Open door day at a games company



The games industry in the Netherlands frequently debates how to better align the requirements of game-education and students to those of game companies. There’s enough game-education in the Netherlands and studies draw hundreds of new students every year. Unfortunately, there are not enough jobs for all of those students within the game-sector in the Netherlands. So, companies have a lot of options in choosing the best candidate for their open positions. Moreover, that’s not just the case for jobs, but also for internships.


At Grendel Games we receive requests from students looking for an internship throughout the year. Those requests can be divided into roughly two groups: requests from students in vocational and higher education looking for an internship of 10 to 20 weeks, and requests from students in secondary education, looking for a shadowing apprenticeship that lasts for a couple of days.

We offer a number of internships per semester. We think it’s important to contribute to the quality of education, and we want to offer students who really want to break through in the industry the opportunity to make their chance of success as big as possible. We primarily select these students on how well they will fit into our team, and on the quality of their portfolio material.

Relevance for game companies

We often see portfolios that really are sub-standard for students looking for an internship. A possible cause for this might be a lack of skills, but it might also be caused by improper guidance in the compilation of the portfolio (and during the creation of the work that’s in it). Sometimes students don’t yet understand exactly what companies would like to see in a portfolio. This lack of relevance causes students to be rejected by companies in the earliest stage of an application, even before a meeting has taken place.

The situation for students in secondary education is even more arduous. They often don’t possess any relevant experience yet, and they don’t have a portfolio. And because game development is such a hands-on practice it’s not very useful to allow these students a shadowing-only apprenticeship if they can’t do some work for themselves. Watching over someone’s shoulder doesn’t really yield any results in our line of work; the real learning is in the doing.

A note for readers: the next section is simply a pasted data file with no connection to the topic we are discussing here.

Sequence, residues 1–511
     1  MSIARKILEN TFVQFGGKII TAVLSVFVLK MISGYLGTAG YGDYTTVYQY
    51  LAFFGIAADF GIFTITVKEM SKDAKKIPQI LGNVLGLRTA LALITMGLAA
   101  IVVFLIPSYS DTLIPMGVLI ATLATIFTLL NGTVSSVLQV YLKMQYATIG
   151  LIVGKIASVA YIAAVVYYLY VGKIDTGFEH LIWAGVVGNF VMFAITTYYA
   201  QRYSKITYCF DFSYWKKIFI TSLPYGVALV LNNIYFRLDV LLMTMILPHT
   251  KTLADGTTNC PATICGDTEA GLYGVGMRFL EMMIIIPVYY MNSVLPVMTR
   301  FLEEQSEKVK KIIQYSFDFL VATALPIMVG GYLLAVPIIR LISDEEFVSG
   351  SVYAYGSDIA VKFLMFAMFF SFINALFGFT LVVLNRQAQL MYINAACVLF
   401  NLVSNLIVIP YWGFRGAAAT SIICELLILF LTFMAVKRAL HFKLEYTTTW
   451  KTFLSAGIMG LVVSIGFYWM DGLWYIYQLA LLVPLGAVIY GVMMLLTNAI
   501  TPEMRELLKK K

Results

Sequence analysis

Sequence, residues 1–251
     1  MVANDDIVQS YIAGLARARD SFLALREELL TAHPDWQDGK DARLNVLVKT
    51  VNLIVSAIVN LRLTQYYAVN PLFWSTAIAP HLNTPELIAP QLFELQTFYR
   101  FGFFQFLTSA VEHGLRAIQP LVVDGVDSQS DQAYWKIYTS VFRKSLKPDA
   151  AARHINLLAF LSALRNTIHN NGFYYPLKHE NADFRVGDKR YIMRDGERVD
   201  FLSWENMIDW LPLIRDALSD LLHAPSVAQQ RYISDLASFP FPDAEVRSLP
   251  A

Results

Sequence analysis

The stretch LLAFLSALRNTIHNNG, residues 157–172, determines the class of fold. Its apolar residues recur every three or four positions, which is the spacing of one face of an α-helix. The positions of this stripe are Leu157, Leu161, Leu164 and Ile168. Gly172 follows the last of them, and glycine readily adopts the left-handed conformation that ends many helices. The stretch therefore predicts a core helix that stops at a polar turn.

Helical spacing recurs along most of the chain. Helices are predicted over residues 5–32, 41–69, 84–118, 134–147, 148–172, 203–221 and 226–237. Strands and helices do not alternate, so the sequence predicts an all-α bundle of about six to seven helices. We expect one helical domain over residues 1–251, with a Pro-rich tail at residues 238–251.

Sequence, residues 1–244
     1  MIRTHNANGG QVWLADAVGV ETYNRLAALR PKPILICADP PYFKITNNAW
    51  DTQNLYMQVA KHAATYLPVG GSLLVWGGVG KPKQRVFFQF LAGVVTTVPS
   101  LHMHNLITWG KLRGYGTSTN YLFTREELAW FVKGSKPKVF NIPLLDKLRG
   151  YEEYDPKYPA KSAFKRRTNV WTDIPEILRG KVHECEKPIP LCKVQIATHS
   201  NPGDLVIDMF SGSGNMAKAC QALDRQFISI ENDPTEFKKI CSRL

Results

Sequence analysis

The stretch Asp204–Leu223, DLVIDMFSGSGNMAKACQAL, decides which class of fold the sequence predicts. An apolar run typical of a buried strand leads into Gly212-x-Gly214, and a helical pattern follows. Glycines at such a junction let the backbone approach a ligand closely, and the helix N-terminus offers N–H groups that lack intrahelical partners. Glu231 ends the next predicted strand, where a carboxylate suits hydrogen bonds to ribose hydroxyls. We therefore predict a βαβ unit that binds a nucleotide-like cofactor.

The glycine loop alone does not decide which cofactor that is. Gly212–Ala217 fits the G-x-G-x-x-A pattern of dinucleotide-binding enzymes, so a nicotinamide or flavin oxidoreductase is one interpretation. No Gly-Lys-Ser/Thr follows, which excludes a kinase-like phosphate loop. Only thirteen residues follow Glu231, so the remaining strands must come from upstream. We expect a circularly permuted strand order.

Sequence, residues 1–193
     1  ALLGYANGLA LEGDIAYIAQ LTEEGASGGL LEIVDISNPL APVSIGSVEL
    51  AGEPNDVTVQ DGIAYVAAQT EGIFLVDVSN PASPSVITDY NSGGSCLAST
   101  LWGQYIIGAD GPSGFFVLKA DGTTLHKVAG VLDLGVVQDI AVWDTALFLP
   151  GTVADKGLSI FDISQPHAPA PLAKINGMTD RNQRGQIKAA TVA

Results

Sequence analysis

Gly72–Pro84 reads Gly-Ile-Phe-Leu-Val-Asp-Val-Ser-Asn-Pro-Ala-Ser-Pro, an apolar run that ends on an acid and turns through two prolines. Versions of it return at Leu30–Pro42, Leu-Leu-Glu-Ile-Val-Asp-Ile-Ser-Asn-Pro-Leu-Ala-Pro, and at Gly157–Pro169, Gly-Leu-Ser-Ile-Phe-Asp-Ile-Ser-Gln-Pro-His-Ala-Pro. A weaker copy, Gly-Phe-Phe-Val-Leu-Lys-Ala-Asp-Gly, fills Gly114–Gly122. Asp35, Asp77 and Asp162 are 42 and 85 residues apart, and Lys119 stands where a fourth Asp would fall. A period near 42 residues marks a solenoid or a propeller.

Here expectations don’t seem to match as well and that’s something we’d like to change. We want to offer students the possibility to better prepare for finding an internship and we want to invite students in secondary education to still have a look around in our company, in a way that works for both parties. So, in 2016 we started organizing a twice-yearly open door day.


Open door days

Our open door days are meant as an informal event where everybody who has always wanted to have a look inside of a game company, is invited. Visitors are lured with drinks and a small bite to eat, and the mandatory promise that there will be a wealth of games to try out. A virtual reality setup is also available to try out and last time there was even a demonstration of our new motion capture studio.

During the open door days we also want to give attention to some more serious subjects. Firstly to student portfolios: students (and, by the way, non-students as well) can register beforehand to have a consultation with one of our colleagues to show off their portfolio and receive some feedback on it. That opportunity is available for both artists as well as programmers and game designers. We talk about the goals of the portfolio with the student and give feedback about how we view the material. Together we discuss possible ways to improve the quality of the material and to align the portfolio with the desired internship or job. This way, an official interview doesn’t have to be the first time a student shows of his or her portfolio to professionals in the sector.


Shadowing apprenticeships

For students in secondary education the open door days are a nice opportunity to look around inside a game company. All of our colleagues are present to have a chat with about what it is that they do all day. Each department also has several prepared activities that you can join without any prior knowledge, so you can get some idea of what our work entails.

This centralized way of offering shadowing- and feedback opportunities allows us to make time for much more people. We can talk to more visitors, we can give better feedback on portfolios and we can discuss things like career opportunities with students. We also talk to parents about the chances of getting a job in our industry and with up-and-coming students about the difference between playing games and building them.

From our point of view these open door days are very successful and we feel they allow us to close the gap between the expectations of game-education and of our industry a little bit. Would you also like to visit one of our open door days? Subscribe to our newsletter below so we can inform you of our open door days well in advance.

Tim Laning

Business developer

Do you want to know more about the possibilities of serious games? Let’s discuss what serious games can do for you.


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